#1
I'm doing a lot of experimentation with rhythm and phrasing, and gradually getting back into more challenging playing (hand injuries), and been having a lot of fun playing lines using 5 notes in the same space as a 1/4 note, and mixing that with 6 against 1/4 and 3 against 1/4.  I especially like the sort of "lazy" feel that 5 produces in a rock context, at moderate speeds.  Especially by keeping those 5 evenly spaced, without playing it as a group of 3 and 2 etc.

I originally couldn't accurately perceive the time division for 5 in my head, so I'm using software to build these phrases, and practice against it.  Once the brain experiences it, it's easy to do, but before that, it felt horribly hard.  Now I'm really getting into it.

Anyone else into this sort of thing? 
Last edited by jerrykramskoy at Apr 8, 2017,
#2
jerrykramskoy

Study the Charles Mingus tune "Good Bye Pork Pie Hat" an excellent study in melodic, harmonic and rhythmic variation .. you can use it as a spring board for your quest as it has several bars with quarter note triplets..which are a good opening to convert them to 16th note passages and varied triplet feel lines - 9/4 etc as it has a slow tempo it gives you time to experiment with the kind of stuff your exploring..and the harmonic progression is a super treat to solo over..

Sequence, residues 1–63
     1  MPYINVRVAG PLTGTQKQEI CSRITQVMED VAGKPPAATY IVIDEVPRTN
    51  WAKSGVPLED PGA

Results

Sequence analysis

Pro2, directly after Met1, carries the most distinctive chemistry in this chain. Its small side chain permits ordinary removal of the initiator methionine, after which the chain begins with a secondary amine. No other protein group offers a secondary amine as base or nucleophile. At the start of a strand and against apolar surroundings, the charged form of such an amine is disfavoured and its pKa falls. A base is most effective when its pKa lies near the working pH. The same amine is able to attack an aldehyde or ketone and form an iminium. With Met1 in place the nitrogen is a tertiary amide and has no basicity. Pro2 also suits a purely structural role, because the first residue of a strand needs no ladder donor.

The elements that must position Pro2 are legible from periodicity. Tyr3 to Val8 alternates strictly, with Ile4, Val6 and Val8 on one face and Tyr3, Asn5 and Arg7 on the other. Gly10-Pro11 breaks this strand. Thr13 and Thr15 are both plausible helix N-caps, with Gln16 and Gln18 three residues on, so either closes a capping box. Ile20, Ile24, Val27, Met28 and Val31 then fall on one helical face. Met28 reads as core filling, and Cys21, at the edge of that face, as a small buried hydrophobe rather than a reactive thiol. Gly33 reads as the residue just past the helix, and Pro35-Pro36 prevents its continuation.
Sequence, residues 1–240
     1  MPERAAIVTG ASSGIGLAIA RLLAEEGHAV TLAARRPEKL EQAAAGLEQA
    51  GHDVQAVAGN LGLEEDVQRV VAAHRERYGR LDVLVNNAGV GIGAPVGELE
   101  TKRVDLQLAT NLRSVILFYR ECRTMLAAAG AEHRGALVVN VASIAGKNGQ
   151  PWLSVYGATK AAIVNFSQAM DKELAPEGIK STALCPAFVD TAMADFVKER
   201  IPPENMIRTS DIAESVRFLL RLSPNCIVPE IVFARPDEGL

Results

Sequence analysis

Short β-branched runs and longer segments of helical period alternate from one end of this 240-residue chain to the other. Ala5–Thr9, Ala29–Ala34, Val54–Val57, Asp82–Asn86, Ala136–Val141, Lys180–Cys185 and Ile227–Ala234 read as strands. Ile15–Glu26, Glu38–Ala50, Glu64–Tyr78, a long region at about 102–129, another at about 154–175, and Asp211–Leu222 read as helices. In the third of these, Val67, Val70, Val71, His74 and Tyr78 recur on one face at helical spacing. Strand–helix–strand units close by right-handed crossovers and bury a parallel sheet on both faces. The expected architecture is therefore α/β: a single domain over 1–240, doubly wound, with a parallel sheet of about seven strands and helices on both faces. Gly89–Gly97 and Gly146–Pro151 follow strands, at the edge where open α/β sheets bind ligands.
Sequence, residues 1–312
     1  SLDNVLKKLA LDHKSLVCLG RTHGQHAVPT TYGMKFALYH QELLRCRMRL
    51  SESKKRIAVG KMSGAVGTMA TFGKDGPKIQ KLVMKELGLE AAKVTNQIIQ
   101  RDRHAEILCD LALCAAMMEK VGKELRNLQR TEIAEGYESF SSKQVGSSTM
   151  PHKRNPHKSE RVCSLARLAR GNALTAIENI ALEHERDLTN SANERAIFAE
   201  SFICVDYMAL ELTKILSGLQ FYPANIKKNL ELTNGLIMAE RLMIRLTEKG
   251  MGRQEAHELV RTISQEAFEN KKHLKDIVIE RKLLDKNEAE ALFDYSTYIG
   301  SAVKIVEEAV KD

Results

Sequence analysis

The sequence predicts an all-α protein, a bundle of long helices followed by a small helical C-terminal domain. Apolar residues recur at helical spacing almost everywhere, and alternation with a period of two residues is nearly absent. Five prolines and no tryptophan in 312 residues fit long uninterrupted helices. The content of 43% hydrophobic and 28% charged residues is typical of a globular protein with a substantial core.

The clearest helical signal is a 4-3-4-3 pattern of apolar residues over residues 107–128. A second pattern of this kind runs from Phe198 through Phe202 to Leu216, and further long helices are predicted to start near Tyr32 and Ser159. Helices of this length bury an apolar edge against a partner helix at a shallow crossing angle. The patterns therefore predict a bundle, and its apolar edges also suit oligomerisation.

.
John McLaughlin does a version on his album..My Goals Beyond
play well

wolf
Last edited by wolflen at Apr 8, 2017,
#3
I've tried to develop an ear/feel for some polyrhythms lately. I have this friend who has this method of counting polyrhythms that apparently works really well as he can just start tapping crazy rhythms like 16 over 12 or whatever without even thinking but I don't really understand how he does that. I can barely tap 5 over 3  
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#4
wolflenThanks.  I know that tune well.  Very nice.  Have you heard Jeff Beck's version (either on "Blow by blow" or "wired", I can't remember which) .  

Triplets are easy enough to "get right", I guess through familiarity?  That said, for me, it depends on tempo, so for a slow tempo, as simple as in 4/4, using half-note tripets, gets more challenging the longer the duration of the bar.  

But it's the lesser used subdivisions where I have problems initially.
#5
Worth persevering, I think.  The problem at its core is just accurately some time duration into equal duration subdivisions, so if you can hear the duration of the 3 events, you can then ignore those 3, and focus on chopping that duration.  Of course, the big problem is not getting distracted by the 3 individual events.

A friend of mine appears to have one brain per limb (drummer) ... but he has been playing for years and years, so that's his meat and drink.
#6
[quote="jerrykramskoy].....using 5 notes in the same space as a 1/4 note, and mixing that with 6 against 1/4 and 3 against 1/4.  ......


hey jerrykramskoy 

I'm a bit confused what you mean here. It sounds like you are talking about normal quintuplets. 5 notes in the space of a quarter is that.
Or are you saying 5 over 4 as in the titles , but 5 notes for every of the 5 quarter notes in the space of 4?